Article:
October 9, 2017

Seeking relief from judgment from a tribunal other than the one that handed down the judgment


Seeking relief from judgment from a tribunal other than the one that handed down the judgment
Cherry v. New York City Department of Correction, USCA, 2nd Circuit, Docket No. 16-3725

Bernard Cherry was terminated from his position with the NYC Department of Corrections [DOC] after an administrative law judge [ALJ] at the Office of Administrative Trials and Hearings [OATH] found him guilty of excessive absenteeism and failure to comply with orders. Cherry appealed the ALJ's findings and recommendation and the Appellate Division on the New York State Supreme Court affirmed the administrative action resulting in Cherry's dismissal from his position.

Cherry subsequently sued New York City, DOC, and several officials, asserting claims for employment discrimination in federal district court. The federal district court dismissed that case on timeliness grounds, and Second Circuit Court of Appeals affirmed the lower court's ruling. Cherry, proceeding pro se,* next filed this action under Federal Rules of Civil Procedure 60(d)(1) and (3), alleging that DOC committed fraud on the court by submitting forged documents during the OATH hearing.

Although the district court interpreted Cherry’s complaint as a request to vacate the judgment in Cherry’s earlier employment discrimination suit in the instant appeal Cherry subsequently clarified that "he was actually asking the district court to vacate the OATH decision."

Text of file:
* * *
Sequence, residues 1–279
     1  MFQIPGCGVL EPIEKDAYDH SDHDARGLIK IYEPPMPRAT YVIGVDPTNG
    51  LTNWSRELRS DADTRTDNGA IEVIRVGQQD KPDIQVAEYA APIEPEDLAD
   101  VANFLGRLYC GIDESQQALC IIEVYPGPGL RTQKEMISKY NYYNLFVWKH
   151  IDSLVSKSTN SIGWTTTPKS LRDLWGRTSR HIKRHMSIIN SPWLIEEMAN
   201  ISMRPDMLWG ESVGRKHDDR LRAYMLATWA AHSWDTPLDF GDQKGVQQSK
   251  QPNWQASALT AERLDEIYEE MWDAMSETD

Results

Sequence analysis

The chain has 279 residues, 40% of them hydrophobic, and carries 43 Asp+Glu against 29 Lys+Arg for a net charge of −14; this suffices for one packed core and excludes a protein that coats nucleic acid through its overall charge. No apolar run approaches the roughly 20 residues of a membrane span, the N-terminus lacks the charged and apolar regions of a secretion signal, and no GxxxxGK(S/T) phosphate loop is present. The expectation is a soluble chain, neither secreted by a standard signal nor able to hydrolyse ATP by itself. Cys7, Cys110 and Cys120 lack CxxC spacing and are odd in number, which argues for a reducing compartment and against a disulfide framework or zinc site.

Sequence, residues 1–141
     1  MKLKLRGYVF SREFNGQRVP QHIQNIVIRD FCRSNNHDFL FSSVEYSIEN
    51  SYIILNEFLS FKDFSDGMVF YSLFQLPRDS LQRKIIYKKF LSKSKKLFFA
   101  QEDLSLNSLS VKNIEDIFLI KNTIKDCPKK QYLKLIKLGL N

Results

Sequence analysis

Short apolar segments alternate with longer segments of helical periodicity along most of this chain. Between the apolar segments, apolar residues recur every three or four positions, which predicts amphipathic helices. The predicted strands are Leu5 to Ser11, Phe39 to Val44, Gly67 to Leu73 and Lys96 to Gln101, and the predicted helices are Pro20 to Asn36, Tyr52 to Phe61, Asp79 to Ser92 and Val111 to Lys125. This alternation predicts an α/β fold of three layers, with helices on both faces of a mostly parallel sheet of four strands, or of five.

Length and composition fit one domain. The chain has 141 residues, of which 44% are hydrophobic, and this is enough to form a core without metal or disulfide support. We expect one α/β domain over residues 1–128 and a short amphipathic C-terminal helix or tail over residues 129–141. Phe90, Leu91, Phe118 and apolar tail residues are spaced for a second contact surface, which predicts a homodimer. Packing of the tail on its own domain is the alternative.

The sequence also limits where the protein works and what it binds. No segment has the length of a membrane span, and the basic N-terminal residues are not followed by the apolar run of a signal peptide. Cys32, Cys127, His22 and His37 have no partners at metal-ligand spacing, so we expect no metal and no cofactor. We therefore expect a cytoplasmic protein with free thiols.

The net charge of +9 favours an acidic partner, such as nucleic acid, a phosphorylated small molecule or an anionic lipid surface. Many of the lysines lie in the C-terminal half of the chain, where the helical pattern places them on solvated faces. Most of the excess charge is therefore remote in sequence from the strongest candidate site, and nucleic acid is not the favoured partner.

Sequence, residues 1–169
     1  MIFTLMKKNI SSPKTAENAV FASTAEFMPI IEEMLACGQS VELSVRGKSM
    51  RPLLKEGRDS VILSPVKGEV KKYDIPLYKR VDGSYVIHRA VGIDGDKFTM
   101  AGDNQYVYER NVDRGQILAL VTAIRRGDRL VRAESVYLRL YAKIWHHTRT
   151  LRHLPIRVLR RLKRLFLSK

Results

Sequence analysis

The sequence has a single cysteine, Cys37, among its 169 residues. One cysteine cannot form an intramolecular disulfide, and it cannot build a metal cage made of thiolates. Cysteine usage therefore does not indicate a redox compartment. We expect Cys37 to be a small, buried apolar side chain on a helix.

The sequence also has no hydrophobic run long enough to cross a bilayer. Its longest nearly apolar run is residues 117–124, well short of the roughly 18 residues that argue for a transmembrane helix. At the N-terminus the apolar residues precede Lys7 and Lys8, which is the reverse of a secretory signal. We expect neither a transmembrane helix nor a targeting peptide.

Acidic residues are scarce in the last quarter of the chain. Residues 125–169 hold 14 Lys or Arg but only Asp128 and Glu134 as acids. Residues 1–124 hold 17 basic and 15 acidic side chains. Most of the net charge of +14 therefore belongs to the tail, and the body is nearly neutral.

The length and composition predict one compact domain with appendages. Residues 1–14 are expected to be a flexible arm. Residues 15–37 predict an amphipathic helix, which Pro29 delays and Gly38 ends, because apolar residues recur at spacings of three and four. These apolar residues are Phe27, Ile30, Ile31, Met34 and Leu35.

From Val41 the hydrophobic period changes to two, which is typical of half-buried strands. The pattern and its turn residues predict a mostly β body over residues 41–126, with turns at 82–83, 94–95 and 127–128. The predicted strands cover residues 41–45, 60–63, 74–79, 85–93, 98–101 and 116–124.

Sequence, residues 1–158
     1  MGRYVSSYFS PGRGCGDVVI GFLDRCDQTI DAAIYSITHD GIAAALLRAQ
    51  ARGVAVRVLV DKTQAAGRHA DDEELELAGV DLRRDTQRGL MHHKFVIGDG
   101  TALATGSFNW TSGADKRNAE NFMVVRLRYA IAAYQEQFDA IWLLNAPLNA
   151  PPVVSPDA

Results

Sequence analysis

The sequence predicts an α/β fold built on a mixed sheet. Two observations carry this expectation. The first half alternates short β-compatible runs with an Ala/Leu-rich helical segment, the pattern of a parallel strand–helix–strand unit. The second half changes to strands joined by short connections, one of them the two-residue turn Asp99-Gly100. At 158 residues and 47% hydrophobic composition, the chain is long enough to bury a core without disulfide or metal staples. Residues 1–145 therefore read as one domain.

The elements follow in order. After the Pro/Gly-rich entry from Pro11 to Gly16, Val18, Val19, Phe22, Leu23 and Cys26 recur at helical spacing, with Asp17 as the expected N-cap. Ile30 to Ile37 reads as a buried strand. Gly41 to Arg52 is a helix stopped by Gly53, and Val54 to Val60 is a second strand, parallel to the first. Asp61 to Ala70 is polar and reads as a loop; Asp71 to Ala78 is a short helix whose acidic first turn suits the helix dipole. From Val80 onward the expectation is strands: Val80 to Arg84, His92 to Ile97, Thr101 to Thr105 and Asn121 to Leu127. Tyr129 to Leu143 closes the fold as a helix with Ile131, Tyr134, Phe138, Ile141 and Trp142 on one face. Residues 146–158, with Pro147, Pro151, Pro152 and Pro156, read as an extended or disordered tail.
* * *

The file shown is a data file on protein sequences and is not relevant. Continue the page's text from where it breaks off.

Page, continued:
The Second Circuit, noting that it must "construe pro se complaints “liberally and interpret them ‘to raise the strongest arguments that they suggest," said that "Cherry explicitly states that he was requesting the district court to vacate the judgment of the state administrative law judge."

Accordingly, the Second Circuit said that it lacked subject matter jurisdiction. and dismissed Cherry's action seeking to vacate the ALJ's determination.

The court explained that the plaintiff bears the burden of establishing subject matter jurisdiction over his own claims. Here, said the Circuit Court of Appeals, there is no diversity jurisdiction under 28 U.S.C. §1332 nor is there federal question jurisdiction under 28 U.S.C. §1331.

Cherry cited  Federal Rules of Civil Procedure 60(d)(1) and (3) in his brief in support of his petition but the Second Circuit, citing Cresswell v. Sullivan & Cromwell, 922 F.2d 60, pointed out that "it is well-settled that the Federal Rules of Civil Procedure 'do not provide an independent ground for subject matter jurisdiction over an action for which there is no other basis for jurisdiction.'”**

Noting that district court had correctly refused to exercise ancillary jurisdiction over Cherry’s claims as Cherry sought relief from judgment from a tribunal different than the one that handed down the judgment, the Circuit Court said that there is no independent ground for jurisdiction in contrast to “an independent action brought in the same court as the original lawsuit” which does not “require an independent basis for jurisdiction.

* A Latin phrase meaning "for oneself" or "on one's own behalf".

** In addition, the Circuit Court said that were it to construe Cherry's claim under 42 U.S.C. §1983 [the Civil Rights statute], such an action would be untimely as the otherwise relevant three-year statute of limitations had elapsed.

The decision is posted on the Internet at:


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